Hana Kulhánková – the director of the One World International Human Rights Film Festival

Hana Kulhánková

Film has played an important role in Hana Kulhanková’s life ever since she was a teenager. Later, she studied film and worked at the Mezipatra Queer Film Festival, which showcases gay and lesbian filmmakers. Now, Hana Kulhánková is the director of one of Prague’s most colorful and interesting film festivals, One World, which focuses on human rights documentaries. Ahead of the start of this year’s edition, I spoke to her about the festival program, human rights and what initially piqued her interest in film.

Hana Kulhánková
“For me, it started a really long time ago, I think as early as my high school days. It was partially thanks to the programming of CT2, because when I was in high school, they had a film club program on Mondays and Thursdays, so I was able to see films by Bunuel or Bresson and other really big film makers, and I got really excited watching these films in my room. So that was the beginning of my interest in film in general.

“Then, after high school, I had the opportunity to live in the US for a year, as an au pair. I worked for P. Adam Sydney, a famous film theoretician and historian of avant-garde cinema. So that really was my introduction to a different genre of films and on a professional level and then started studying film theory and history at the Brno University. So it was a gradual development and to this day, I’m very excited about film.”

The Mezipatra festival
Is queer film a genre that you especially enjoy?

“It still is, because I got introduced to the genre or field of queer films when I spent some time studying in Germany, because we learned about it there and I saw a lot of queer films. Then I joined the Mezipatra festival, which is a queer film festival.

“And I also try to bring this topic, which I consider very important, into the One World festival. So for example this year, we are showing a really great film called “I am a woman now” which focuses older trans-women, who had their sex surgery in the 1970s and 80s. And now they are old ladies, and talk about their past and present life, because they never imagined that they would become old ladies.”

Todd Haynes, photo: David Shankbone, Creative Commons 3.0
To go back a bit, can you describe your experience as the organizer of Mezipatra?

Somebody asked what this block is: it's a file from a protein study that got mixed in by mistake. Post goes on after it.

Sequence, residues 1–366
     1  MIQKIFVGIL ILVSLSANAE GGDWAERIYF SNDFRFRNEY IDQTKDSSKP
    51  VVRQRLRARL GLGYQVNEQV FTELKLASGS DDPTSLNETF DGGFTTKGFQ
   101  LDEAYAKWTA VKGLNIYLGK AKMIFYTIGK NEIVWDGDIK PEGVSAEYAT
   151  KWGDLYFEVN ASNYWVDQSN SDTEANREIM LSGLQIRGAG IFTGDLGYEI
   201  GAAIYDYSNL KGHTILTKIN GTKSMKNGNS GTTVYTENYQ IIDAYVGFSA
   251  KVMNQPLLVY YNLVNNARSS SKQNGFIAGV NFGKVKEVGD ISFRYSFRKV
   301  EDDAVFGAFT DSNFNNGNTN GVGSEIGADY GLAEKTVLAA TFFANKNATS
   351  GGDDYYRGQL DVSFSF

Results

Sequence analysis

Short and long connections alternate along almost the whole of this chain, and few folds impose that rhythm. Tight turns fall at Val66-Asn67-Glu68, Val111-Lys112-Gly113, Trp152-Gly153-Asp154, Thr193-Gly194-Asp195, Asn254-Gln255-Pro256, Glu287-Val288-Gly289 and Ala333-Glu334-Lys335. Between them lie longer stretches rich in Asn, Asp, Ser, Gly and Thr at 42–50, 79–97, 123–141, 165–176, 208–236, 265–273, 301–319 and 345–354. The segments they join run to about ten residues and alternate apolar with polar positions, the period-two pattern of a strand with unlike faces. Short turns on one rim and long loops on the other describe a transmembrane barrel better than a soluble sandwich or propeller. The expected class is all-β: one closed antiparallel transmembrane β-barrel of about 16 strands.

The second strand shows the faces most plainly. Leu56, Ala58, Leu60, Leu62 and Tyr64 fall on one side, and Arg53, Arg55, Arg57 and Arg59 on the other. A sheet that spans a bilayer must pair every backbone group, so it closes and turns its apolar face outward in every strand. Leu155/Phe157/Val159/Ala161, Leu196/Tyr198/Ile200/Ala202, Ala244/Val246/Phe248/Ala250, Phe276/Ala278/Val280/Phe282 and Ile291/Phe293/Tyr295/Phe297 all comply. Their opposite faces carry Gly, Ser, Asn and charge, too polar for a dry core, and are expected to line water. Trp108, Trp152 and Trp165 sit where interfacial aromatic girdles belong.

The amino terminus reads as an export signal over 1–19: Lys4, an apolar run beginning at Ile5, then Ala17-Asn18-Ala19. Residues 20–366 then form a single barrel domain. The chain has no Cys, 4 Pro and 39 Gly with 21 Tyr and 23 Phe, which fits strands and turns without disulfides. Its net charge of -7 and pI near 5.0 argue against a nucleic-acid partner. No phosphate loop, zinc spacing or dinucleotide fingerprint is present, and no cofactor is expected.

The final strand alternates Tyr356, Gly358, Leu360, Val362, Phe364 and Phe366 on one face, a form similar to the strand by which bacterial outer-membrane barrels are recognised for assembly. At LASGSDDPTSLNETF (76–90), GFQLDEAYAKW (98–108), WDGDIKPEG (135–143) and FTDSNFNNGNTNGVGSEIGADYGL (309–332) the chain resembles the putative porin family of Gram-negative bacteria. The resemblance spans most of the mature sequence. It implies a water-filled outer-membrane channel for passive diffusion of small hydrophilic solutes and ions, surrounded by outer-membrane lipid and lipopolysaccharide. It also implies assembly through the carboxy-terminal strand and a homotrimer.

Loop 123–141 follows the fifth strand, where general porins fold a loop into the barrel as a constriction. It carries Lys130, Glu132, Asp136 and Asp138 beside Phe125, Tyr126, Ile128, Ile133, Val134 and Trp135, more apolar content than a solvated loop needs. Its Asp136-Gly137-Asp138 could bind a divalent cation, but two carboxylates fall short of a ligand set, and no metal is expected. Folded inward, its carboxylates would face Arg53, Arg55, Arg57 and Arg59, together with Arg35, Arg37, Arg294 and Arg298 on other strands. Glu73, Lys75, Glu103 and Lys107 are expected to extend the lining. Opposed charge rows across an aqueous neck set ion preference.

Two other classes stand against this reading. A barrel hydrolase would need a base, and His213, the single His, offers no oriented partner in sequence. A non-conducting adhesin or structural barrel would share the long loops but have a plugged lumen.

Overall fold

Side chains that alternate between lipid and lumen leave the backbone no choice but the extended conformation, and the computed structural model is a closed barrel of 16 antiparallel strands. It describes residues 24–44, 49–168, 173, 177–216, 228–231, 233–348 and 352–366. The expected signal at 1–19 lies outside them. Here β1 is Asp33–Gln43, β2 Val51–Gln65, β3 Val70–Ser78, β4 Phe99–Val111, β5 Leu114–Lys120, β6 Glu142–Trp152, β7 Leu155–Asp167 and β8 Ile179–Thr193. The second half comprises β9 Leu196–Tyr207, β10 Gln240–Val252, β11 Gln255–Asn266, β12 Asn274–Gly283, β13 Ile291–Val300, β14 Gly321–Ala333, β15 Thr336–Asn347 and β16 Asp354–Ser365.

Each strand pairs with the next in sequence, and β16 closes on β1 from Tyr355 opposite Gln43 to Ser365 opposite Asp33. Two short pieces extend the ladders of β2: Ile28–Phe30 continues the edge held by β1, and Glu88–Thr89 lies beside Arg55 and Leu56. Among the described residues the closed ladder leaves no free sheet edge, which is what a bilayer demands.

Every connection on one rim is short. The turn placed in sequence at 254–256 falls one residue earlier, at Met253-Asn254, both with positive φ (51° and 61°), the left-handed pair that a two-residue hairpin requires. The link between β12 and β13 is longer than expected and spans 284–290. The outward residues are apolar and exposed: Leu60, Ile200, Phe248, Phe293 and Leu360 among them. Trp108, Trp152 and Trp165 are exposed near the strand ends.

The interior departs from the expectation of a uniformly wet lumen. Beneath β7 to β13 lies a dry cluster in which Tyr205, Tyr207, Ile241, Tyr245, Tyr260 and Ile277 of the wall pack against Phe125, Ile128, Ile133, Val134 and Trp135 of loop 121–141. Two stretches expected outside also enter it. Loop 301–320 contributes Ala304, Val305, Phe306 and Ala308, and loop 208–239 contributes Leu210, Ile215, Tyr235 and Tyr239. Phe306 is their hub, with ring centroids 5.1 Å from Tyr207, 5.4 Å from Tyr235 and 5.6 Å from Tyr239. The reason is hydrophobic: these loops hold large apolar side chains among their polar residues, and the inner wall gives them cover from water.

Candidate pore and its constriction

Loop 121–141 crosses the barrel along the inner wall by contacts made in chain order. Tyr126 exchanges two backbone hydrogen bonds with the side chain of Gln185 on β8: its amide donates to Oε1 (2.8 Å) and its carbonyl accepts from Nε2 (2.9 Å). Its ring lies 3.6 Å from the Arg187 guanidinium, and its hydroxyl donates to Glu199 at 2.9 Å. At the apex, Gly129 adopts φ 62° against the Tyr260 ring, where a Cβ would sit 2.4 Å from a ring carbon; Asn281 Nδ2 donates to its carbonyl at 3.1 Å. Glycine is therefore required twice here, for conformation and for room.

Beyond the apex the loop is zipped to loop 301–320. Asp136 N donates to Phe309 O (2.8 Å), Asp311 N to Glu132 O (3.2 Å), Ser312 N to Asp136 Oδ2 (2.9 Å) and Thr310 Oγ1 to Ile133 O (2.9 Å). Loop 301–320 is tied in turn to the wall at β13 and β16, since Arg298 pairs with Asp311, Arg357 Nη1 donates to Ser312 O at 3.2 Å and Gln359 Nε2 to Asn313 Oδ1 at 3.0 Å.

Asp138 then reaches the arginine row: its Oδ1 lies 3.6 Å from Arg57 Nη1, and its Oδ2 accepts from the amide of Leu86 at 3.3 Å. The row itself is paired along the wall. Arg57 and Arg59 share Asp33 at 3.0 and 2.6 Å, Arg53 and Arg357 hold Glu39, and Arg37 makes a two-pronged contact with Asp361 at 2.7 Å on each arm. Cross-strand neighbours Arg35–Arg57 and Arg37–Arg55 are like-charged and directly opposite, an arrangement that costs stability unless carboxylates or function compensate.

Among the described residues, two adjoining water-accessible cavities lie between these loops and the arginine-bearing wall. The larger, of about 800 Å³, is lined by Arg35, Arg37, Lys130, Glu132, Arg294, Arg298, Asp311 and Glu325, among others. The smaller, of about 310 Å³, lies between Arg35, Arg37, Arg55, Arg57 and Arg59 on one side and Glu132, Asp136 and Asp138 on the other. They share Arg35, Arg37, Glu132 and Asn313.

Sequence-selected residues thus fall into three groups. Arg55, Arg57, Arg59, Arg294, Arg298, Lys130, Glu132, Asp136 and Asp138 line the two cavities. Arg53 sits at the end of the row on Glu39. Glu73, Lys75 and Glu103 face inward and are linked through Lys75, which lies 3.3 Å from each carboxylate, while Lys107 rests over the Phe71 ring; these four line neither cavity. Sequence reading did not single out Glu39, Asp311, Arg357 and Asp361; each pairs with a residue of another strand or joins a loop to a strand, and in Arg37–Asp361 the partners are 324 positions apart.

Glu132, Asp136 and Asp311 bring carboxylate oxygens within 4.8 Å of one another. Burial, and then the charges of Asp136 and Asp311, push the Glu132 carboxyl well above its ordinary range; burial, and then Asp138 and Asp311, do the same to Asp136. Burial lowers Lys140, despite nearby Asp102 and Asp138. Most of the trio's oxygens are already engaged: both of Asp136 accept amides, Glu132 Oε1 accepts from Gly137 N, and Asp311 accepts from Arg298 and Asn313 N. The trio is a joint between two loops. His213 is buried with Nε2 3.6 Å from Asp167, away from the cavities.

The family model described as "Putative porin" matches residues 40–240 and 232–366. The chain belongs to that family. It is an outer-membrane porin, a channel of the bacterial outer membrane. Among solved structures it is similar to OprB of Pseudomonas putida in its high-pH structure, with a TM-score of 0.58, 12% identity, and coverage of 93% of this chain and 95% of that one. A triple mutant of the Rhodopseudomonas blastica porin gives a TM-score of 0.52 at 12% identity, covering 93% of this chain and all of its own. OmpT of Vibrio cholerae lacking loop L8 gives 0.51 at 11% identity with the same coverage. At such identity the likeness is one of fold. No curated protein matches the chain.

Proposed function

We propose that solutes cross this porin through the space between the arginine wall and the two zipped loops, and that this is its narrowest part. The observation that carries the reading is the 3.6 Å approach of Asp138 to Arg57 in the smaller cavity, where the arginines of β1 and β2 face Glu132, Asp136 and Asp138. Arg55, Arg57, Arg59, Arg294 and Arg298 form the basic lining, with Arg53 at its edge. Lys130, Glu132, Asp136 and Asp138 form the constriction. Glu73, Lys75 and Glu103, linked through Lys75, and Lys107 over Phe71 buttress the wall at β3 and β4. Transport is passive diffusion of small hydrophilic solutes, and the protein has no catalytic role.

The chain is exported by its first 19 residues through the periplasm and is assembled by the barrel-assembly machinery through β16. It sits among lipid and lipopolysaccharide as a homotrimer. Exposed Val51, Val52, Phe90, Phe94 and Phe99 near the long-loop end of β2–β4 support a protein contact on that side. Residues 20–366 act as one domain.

“During my university studies, I always felt that studying was not enough for me, I wanted to be active, be involved. And I got the chance to join the Mezipatra team, first as a member of the film selection committee and later as a director. The experience was very nice. It was a very small group of people, and lots of my fellow students and friends worked for the festival. We were able to organize this festival on a very small budget and on a small scale. But during my time with Mezipatra, we also moved from Brno to Prague. Nowadays, it really is a big festival which brings famous queer film theoreticians and film makers to the Czech capital. Last year, Todd Haynes was one of the guests, who really is a famous American director. So we went from our small amateur years to being a professional big festival, so I am really glad about that.”

It is certainly nice to see it grow like that. Queer issues for you are not just something that you are familiar with from a theoretical point of view, you yourself are lesbian. Could you talk about how you feel Czech society sees gays and lesbians, and how acceptance or integration has developed over the last decade?

“I think there definitely is more tolerance. We have a registered partnership law, but at the same time, it is not equal to marriage, so even this law has a component of discrimination. I think it really depends on the individual and how you see yourself, how sensitive you are to people or society being hateful or not. I see Czech society as really conservative and I think Czechs block out what they are not interested in, they are not so interested in complex issues. But from my experience, I am in the process of wanting to be involved much more in queer issues, and more in an activist way. For example, we have a law under which says that if you have a child with a same-sex partner, you cannot be the second parent of that child. That creates a lot of instability in such relationships and I think it is not good for society as a whole.”